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ARS Home » Midwest Area » Peoria, Illinois » National Center for Agricultural Utilization Research » Crop Bioprotection Research » Research » Publications at this Location » Publication #332363

Research Project: Use of Microorganisms to Manage Weeds and Insect Pests in Turf and Agricultural Systems

Location: Crop Bioprotection Research

Title: Salibacter halophilus gen. nov., sp. nov., isolated from a saltern

item LU, DE-CHEN - Shandong University
item XIA, JUN - Shandong University
item Dunlap, Christopher
item Rooney, Alejandro - Alex
item DU, ZONG-JUN - Shandong University

Submitted to: International Journal of Systematic and Evolutionary Microbiology
Publication Type: Peer Reviewed Journal
Publication Acceptance Date: 1/15/2017
Publication Date: 6/8/2017
Publication URL:
Citation: Lu, D., Xia, J., Dunlap, C.A., Rooney, A.P., Du, Z. 2017. Salibacter halophilus gen. nov., sp. nov., isolated from a saltern. International Journal of Systematic and Evolutionary Microbiology. 67:1784–1788. doi: 10.1099/ijsem.0.001807.

Interpretive Summary: ARS researchers from Peoria, IL collaborated with scientists from Shandong University in Weihai, China to characterize a novel bacterium found in marine environment. This manuscript reports on the characterization of a new species of bacteria Salimarina halophila, that grows in high salt concentrations. This species possesses novel and unusual biochemical characteristics, which makes it attractive for various agricultural and biotechnological purposes. As such, this strain was accessioned into the Crop Bioprotection Research Unit’s culture collection where its potential for biological control applications can be assessed in future studies.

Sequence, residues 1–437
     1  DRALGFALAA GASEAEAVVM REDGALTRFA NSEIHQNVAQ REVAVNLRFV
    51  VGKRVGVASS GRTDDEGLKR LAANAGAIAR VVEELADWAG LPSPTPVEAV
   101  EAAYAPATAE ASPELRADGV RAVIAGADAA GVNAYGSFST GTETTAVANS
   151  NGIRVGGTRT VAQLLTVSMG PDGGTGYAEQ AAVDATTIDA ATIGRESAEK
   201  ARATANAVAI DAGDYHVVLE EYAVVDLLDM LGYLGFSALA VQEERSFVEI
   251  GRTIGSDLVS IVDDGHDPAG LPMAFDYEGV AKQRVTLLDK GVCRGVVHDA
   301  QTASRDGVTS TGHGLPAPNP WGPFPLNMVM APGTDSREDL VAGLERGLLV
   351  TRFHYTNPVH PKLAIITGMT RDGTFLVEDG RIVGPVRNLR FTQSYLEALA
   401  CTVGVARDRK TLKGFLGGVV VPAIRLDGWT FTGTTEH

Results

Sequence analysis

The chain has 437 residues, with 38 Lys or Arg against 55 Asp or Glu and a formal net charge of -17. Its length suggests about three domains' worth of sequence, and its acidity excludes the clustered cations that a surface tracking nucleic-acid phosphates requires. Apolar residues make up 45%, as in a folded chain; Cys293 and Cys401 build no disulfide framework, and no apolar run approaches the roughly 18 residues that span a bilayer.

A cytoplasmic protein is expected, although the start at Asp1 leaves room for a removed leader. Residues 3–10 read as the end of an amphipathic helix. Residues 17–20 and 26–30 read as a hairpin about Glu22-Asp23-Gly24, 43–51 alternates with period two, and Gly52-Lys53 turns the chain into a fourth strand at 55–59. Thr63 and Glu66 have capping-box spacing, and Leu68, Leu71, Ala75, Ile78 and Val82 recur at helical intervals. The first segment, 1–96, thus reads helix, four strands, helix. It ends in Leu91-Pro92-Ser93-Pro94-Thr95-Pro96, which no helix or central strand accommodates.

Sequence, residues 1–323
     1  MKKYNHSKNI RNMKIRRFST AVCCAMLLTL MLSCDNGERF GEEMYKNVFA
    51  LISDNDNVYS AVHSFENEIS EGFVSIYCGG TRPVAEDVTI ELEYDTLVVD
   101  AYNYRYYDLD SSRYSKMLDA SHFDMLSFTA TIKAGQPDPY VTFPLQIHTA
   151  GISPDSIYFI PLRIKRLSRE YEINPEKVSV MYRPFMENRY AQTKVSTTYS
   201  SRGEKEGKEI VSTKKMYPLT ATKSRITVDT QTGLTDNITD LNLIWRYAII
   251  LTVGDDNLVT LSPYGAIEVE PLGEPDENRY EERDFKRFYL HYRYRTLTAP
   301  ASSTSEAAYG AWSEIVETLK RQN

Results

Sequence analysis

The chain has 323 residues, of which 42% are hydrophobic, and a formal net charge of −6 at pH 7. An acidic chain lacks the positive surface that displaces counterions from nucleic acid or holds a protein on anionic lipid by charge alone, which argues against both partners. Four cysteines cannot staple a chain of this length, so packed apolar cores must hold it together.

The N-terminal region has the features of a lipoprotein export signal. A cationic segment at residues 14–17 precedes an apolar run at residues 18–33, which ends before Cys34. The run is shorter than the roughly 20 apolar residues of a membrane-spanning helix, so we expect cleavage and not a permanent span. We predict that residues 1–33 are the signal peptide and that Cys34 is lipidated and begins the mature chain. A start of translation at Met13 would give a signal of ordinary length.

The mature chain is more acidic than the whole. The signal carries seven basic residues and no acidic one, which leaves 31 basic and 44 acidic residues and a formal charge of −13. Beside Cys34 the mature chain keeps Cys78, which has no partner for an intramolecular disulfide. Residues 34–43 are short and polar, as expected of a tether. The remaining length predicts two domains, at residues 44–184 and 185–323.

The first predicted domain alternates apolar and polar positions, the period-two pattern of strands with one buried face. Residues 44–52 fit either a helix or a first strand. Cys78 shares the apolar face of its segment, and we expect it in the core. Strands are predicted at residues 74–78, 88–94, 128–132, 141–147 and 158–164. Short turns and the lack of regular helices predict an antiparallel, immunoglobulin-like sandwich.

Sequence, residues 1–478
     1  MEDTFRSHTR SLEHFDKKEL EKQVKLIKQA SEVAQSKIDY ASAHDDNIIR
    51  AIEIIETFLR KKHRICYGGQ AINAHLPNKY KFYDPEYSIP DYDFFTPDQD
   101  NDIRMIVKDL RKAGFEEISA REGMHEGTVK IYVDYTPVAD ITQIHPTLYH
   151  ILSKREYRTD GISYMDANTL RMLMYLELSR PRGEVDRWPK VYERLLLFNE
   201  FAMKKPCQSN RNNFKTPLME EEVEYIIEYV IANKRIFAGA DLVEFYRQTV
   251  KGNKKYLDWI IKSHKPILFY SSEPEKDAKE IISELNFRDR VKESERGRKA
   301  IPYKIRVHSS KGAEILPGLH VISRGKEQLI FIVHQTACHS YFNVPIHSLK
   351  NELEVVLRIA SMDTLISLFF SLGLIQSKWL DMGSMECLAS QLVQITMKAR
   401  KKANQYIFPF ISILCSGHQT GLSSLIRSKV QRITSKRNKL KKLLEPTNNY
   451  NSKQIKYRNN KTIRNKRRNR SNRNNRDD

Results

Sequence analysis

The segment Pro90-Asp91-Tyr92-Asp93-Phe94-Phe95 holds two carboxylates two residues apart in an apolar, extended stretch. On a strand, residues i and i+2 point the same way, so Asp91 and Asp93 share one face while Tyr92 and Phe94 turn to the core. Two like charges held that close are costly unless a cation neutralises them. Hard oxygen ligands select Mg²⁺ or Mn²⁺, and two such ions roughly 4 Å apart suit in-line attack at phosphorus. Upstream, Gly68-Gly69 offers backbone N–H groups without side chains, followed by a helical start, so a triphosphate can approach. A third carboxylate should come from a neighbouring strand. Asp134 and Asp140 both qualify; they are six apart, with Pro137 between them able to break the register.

Technical Abstract: A Gram-stain-negative and facultatively anaerobic bacterium, JZ3C34**T, was isolated from a saltern near Feicheng, China (36°8'24.45" E, 116°49'22.46" N). Cells of strain JZ3C34**T were 0.3-0.4µm wide and 1.5-2.0µm long, catalase-positive and oxidase-negative. Colonies were transparent, orange and approximately 1.0 mm in diameter. Growth occurred at 20-50 °C (optimally at 33-37 °C), pH 6.5-8.5 (optimally at 7.0-8.0) and in the presence of 2-18 % (w/v) NaCl (optimally in 6-8 % (w/v) NaCl). Phylogenetic analysis of the 16S rRNA gene indicated that strain JZ3C34**T was a member of the family Cryomorphaceae within the order Flavobacteriales and the most closely related species was Owenweeksia hongkongensis DSM 17368**T, although the relationship was fairly distant and consistent with the taxa being members of different genera (89.2 % 16S rRNA gene sequence similarity). The major respiratory quinone of strain JZ3C34**T was found to be MK-7, and the dominant fatty acids were found to be iso-C15:0 and iso-C15:1 G. The major polar lipids were two kind of unidentified lipids (L2 and L3) and phosphatidylethanolamine (PE), and the genomic DNA G+C content was 39.6 mol %. The polyphasic taxonomy traits presented here clearly place the new strain as a novel species within a new genus of the family Cryomorphaceae, for which we propose the name Salimarina halophila gen. nov., sp. nov. The type strain is JZ3C34**T (=KCTC 52047**T =MCCC 1K02288**T).